Wokeness is also a shared enemy of the populists and the libertarians. Diversity quotas, inclusivity proposals, the general decline in meritocratic standards, and forced association understandably abhors both groups, though most populists are only now beginning to understand why it’s all happening. Libertarians have known why for a while: the Civil Rights Acts, and everything built upon them, eliminated of freedom of association. This left a vacuum that could only be filled by forced association. Even seemingly private Diversity, Inclusion, and Equity initiatives are heavily encouraged, usually through funding, or sometimes required by the state and various NGOs. In order to rid the country of wokeness, and reestablish freedom of association and the primacy of property rights, the Civil Rights Acts must be nullified on the local level or repealed altogether (another point made by Rothbard).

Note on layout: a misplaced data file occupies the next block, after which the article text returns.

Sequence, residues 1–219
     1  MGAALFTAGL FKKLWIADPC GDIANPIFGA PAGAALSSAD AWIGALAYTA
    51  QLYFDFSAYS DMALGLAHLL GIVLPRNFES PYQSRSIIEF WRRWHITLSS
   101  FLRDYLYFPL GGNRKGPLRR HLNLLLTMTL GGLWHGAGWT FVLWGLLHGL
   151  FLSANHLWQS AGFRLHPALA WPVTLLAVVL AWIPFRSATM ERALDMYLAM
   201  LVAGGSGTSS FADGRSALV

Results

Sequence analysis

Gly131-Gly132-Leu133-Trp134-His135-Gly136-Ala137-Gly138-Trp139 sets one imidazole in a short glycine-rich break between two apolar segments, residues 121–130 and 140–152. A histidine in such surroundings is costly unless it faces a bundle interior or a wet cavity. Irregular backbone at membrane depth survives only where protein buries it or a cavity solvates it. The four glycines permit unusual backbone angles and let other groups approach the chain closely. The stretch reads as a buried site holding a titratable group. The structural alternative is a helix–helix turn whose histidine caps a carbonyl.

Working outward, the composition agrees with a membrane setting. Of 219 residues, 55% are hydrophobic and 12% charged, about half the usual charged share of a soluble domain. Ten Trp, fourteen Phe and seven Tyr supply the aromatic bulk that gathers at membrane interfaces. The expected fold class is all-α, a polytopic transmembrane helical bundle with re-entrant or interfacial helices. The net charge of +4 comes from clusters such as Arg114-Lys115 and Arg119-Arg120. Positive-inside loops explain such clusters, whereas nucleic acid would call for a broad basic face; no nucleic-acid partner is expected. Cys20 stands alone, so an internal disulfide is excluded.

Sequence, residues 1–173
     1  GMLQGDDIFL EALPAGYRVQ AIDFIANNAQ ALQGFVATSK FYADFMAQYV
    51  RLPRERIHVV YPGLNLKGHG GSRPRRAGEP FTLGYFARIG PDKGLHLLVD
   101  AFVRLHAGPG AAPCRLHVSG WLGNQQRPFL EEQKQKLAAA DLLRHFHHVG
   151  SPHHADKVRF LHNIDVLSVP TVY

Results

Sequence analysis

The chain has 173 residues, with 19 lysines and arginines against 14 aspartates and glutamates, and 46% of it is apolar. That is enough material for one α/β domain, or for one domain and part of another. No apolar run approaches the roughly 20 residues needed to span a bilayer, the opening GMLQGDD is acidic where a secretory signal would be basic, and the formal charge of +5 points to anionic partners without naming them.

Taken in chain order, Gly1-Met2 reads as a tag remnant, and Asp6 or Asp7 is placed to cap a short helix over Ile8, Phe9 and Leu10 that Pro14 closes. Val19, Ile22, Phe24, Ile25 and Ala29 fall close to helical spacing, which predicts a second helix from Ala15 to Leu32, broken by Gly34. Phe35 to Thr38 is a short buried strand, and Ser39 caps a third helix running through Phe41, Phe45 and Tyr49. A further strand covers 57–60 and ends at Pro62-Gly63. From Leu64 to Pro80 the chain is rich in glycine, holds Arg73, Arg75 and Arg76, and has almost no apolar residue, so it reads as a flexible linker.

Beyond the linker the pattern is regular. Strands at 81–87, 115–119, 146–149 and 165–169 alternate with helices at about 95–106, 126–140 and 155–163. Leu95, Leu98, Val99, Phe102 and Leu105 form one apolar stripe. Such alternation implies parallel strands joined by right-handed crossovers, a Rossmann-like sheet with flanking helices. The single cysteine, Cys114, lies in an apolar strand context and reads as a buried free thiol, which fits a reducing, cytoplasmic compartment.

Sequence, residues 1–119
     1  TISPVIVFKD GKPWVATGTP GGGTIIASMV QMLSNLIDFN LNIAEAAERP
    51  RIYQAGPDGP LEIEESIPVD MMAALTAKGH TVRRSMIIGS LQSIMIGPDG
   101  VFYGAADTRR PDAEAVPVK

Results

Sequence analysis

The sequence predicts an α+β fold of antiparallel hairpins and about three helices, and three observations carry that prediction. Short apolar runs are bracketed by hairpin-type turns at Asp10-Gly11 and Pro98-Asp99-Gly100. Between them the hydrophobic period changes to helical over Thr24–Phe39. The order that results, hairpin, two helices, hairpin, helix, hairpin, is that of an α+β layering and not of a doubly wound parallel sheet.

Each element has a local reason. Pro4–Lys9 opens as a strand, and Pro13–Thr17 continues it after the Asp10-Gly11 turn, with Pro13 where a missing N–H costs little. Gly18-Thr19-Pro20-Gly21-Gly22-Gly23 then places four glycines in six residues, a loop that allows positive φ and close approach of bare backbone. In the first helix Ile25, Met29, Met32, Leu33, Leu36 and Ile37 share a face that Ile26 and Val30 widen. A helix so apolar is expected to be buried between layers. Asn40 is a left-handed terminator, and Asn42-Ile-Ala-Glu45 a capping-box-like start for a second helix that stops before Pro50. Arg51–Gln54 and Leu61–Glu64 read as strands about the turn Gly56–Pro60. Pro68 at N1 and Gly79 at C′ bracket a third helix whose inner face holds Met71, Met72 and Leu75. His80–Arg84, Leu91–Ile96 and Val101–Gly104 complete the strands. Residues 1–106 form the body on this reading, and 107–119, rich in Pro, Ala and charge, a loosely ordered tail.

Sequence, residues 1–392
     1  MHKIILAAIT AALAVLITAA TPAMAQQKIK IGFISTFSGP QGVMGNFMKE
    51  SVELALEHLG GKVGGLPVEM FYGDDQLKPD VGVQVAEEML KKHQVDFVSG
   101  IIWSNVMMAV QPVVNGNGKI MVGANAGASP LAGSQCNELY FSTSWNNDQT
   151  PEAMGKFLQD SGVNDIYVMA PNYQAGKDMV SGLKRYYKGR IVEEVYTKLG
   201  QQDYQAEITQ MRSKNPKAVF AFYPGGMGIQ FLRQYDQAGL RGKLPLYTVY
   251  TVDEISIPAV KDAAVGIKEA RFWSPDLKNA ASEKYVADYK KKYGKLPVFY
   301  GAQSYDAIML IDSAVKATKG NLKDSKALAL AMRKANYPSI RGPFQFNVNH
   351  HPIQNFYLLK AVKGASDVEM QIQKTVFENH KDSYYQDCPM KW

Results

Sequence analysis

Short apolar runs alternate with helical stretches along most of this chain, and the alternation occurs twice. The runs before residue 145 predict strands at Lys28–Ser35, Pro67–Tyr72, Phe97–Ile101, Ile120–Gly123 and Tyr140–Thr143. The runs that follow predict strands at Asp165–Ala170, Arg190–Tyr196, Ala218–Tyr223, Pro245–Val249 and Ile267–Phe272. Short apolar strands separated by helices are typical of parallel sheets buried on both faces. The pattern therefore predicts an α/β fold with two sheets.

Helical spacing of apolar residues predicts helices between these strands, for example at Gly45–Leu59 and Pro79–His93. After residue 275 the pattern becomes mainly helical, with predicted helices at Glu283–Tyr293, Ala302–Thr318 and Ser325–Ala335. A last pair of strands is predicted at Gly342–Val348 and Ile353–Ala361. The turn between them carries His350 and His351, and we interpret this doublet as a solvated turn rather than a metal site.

Looking at the available common ground, such an alliance would be greatly beneficial for both groups. Some skeptics may insist that it would have the same result as the libertarian alliance with the paleoconservatives, but it does not have to. After all, as our modern tyranny continues to grow ever more total, one has to wonder if discussions about future trade and tax policies and their underlying concepts can simply be addressed at a later date. Even if they can’t, growing popularity of right wing populism, exemplified by Tucker’s exchange with Pence, is an excellent opportunity for libertarians to forge friendships in the shared fight for liberty while harkening back to an forgotten heritage.

The post Pence vs. Populists, an Opening for Libertarianism appeared first on LewRockwell.

Leave a Comment